Jerusalem Becomes Christian
Around the year 312 CE Emperor Constantine I converted to Christianity, beginning the process of Rome – and with it the western world – becoming Christian. After the First Council of Nicaea in 325 CE, Constantine had Hadrian’s Temple of Jupiter torn down and the Church of the Holy Sepulcher built 400 meters away in the place his mother, Helena, had identified as the grave of Jesus. This would divert attention away from the Temple Mount and place the focus on the Christian site instead.17 The ban on Jews from Jerusalem was kept in place.
When Constantine died his nephew Julian the Apostate took over. He tried to reverse the Roman Christian tide and gave the Jews permission to return to Jerusalem and build the Temple.18 But Julian did not live long enough to see his policies out, and with his death, Rome would be firmly Christian.
In 610 CE, the Persian Sasanian Empire would temporarily control Israel, also allowing the Jews to return, but their rule lasted only five years, and the Byzantine Romans came back in force, expelling the Jews once again, and turning the Temple Mount into a garbage dump.
Jerusalem Becomes Muslim
In 637 CE, the Muslim conquest hit the holy land. Muslim tradition teaches that upon conquering Jerusalem, Caliph Umar was led to the Temple Mount by a Christian where he found it covered in garbage. An apostate Jew who had converted to Islam helped him to clear away the garbage and find the Foundation Stone.19 He subsequently built a mosque on the spot. To Caliph Umar, the spot was holy because that is where Solomon built his Temple. The present structure was built by Caliph Abd al-Malik in 691 CE (it was covered with gold in 1920).
Until 715 CE, there was no connection between the Temple Mount and the life of Mohammed.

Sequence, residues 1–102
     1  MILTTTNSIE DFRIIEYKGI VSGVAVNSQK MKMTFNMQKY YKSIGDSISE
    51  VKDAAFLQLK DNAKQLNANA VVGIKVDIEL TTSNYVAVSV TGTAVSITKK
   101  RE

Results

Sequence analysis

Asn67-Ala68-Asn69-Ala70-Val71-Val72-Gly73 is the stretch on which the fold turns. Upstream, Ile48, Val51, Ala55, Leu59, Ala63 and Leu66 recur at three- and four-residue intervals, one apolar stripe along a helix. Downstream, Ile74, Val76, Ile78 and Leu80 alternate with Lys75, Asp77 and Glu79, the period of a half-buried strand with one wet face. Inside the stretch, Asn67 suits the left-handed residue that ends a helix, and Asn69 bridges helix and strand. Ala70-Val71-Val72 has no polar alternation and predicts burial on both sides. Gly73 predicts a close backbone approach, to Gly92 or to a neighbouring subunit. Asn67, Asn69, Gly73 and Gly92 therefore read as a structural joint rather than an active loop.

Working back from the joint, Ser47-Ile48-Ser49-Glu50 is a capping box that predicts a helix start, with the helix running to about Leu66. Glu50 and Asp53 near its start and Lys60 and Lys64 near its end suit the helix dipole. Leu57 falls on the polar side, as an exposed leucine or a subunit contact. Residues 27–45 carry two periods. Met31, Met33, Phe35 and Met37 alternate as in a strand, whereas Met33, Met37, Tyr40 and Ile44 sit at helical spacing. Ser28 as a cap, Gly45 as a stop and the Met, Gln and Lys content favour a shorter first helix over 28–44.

Until 715 CE, there was no connection between the Temple Mount and the life of Mohammed. The Umayyad Muslims led by Caliph al-Walid I started to teach the idea that the Temple Mount was al-Aqsa – the distant place referred to in the Quran from which Mohammed ascended to heaven. In this spirit, they built the al-Aqsa Mosque, also on the Temple Mount.20 This was 83 years after the death of Mohammed and the conclusion of the teaching of the Quran.
Back to The Christians
The First Crusade began in 1095 and successfully conquered Jerusalem in 1099, forming the Kingdom of Jerusalem. The Dome of the Rock was turned into a church and the al-Aqsa Mosque was used by the crusaders as a headquarters who appreciated the mystique of being located on the ruins of Solomon’s Temple. They renamed themselves the “Poor Knights of Christ and the Temple of Solomon” or the “Knights Templar” for short.21 The Crusaders continued to forbid Jews to live in Jerusalem and extended their ban to other holy sites such as Hebron.22
Back to The Muslims
In 1187, Saladin defeated the crusaders, reclaiming Jerusalem for the Muslims. He removed all Christian symbols from the Temple Mount and restored the Dome of the Rock and the al-Aqsa Mosque to Muslim use. In 1190, Saladin made a proclamation inviting the Jews back to Israel and Jerusalem.23 This would begin the slow trickle of Jews coming back to Israel, joining the small population that had survived everything.
While the Jews were allowed to live in Jerusalem, they were not allowed onto the Temple Mount until the 19th century.24 This was the status quo until modern times.
The trickle of Jewish return that began with Saladin’s proclamation became a stream after the Spanish Expulsion in 1492, and eventually a flow in the 19th century with the disciples of the Vilna Gaon and the Ba’al Shem Tov, and subsequently the First Aliyah. By the end of the century, there would be a majority Jewish population in Jerusalem with neighborhoods being built outside of the Old City’s walls.25